"I doubt you remember me, but for several years I wore your old clothes," Heather's Facebook message read. Of course I remembered her! She'd studied at my mother's ballet school, which Mom ran until, at 49, she suffered a massive stroke. I was 19 then, and 23 when she died.

Heather continued, "Your mother gave me bags of your outgrown clothes. She was a very generous woman. I particularly remember her kindness as my own mother grew sicker and died." I knew my mom had taken an interest in her dancers' lives, but that she'd stepped in and helped Heather's family was a revelation. Heather's note didn't just bring my mother back; it brought her into sharper focus.

Her dancers continue to reach out through social media. One wrote: "Your mom took me to get my first pair of pointe shoes. She made the moment so special. You felt to your bones you had achieved a wonderful goal." This reminded me of how Mom, strict as both a teacher and parent, could also praise with dazzling specificity.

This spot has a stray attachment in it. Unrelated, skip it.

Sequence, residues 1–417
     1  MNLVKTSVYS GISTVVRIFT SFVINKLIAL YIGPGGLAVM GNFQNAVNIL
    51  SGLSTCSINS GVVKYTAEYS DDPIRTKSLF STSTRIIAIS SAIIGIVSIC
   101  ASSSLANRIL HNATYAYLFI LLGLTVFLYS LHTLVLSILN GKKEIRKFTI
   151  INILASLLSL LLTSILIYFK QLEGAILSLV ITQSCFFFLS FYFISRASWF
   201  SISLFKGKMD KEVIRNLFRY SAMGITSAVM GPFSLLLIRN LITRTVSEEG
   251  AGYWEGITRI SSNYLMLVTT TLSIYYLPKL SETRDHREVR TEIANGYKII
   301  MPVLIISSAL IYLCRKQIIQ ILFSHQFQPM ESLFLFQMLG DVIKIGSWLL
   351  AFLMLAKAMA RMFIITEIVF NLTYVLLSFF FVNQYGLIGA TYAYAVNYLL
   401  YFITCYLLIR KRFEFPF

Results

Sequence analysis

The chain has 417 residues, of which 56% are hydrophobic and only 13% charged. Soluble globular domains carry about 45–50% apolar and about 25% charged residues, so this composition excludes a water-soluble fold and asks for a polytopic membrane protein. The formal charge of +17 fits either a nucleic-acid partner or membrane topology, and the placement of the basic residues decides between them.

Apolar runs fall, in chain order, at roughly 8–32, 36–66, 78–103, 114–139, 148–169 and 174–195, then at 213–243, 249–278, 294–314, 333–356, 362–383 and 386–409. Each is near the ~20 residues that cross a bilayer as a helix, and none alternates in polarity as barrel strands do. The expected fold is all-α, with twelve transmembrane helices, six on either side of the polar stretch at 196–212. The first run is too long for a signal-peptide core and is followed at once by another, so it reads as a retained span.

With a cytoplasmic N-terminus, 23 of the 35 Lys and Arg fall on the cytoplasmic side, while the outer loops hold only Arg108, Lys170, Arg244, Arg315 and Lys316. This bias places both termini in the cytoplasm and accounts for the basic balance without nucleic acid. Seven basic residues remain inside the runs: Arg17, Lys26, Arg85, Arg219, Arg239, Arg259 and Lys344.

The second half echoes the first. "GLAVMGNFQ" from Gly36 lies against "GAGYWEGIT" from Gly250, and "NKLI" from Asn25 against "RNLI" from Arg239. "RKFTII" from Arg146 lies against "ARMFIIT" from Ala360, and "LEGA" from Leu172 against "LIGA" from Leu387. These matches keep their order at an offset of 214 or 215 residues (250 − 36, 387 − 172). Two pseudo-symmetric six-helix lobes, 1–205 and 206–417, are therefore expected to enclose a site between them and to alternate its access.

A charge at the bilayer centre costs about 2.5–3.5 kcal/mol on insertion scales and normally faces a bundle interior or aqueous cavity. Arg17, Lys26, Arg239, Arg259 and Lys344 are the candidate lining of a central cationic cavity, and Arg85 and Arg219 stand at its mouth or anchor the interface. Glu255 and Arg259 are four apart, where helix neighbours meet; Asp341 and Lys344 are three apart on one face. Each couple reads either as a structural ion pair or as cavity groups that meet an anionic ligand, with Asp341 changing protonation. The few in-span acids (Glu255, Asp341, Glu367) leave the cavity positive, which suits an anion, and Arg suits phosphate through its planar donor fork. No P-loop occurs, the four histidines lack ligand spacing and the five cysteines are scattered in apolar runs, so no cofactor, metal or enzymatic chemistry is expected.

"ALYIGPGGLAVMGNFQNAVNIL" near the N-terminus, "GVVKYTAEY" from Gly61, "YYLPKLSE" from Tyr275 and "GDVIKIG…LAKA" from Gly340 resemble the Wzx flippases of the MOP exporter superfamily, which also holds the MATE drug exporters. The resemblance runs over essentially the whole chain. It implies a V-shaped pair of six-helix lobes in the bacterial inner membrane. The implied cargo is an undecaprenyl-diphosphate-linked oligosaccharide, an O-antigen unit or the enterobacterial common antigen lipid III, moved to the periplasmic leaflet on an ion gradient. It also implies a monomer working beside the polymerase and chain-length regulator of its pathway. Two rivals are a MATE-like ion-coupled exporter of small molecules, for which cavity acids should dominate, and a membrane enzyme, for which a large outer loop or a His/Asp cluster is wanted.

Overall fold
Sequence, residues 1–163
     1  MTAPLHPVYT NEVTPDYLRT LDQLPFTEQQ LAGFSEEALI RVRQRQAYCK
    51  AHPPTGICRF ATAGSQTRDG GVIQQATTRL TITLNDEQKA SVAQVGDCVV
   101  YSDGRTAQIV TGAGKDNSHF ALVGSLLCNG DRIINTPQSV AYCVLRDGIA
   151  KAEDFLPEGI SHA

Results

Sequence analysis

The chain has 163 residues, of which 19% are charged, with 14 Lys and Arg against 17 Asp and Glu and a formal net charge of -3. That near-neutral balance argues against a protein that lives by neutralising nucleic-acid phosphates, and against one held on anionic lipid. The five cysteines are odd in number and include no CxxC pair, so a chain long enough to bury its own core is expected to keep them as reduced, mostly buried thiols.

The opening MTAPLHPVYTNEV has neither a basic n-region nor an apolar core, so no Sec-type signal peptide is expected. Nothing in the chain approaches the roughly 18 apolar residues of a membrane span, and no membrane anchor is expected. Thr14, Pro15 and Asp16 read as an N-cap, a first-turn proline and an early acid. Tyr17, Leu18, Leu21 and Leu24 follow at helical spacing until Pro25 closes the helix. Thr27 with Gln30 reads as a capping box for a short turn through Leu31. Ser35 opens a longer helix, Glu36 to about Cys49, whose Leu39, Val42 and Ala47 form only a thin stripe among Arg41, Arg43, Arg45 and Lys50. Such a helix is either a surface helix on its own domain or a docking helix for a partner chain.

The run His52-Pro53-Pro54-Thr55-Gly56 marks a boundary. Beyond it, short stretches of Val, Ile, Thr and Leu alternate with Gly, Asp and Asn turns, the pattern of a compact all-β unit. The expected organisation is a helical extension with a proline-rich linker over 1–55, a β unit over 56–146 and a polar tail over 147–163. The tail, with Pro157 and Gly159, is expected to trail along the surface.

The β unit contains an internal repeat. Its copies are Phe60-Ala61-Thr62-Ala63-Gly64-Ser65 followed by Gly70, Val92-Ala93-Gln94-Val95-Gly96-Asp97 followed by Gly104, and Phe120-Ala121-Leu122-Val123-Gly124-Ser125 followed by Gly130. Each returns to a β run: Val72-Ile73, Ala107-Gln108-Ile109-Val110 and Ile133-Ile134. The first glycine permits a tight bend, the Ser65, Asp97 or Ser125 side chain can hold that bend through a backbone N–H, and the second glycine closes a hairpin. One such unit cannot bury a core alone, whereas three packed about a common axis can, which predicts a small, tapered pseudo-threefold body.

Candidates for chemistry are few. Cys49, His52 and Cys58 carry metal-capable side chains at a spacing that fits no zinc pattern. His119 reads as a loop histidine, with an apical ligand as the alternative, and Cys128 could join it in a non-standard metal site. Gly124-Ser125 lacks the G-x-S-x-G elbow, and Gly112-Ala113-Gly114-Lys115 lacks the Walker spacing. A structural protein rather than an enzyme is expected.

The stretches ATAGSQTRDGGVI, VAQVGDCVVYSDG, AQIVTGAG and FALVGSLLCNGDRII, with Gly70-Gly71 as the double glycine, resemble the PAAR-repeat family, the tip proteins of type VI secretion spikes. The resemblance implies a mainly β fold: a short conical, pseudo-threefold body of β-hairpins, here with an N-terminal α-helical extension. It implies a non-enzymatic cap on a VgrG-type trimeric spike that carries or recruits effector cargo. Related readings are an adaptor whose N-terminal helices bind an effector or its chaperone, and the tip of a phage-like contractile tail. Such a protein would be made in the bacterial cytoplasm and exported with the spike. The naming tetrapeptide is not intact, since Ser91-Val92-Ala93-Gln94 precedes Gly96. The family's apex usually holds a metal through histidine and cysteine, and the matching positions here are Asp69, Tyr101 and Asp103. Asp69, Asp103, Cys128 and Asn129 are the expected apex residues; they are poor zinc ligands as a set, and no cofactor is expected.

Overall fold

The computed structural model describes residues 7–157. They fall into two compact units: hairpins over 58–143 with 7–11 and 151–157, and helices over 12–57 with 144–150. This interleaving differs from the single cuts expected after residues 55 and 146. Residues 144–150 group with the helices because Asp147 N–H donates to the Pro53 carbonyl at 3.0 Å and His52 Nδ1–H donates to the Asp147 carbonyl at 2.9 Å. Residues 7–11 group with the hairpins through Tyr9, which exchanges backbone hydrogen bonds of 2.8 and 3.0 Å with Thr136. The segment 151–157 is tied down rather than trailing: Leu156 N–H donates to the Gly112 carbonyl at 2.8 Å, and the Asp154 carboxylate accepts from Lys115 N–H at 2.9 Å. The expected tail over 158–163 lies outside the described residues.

When a student observed Mom's shaky return after her stroke, I understood, for the first time, her resolve and passion for teaching—even after illness made it impossibly difficult. Thirty-three years after I lost my mother, her students keep returning her so generously to my life.


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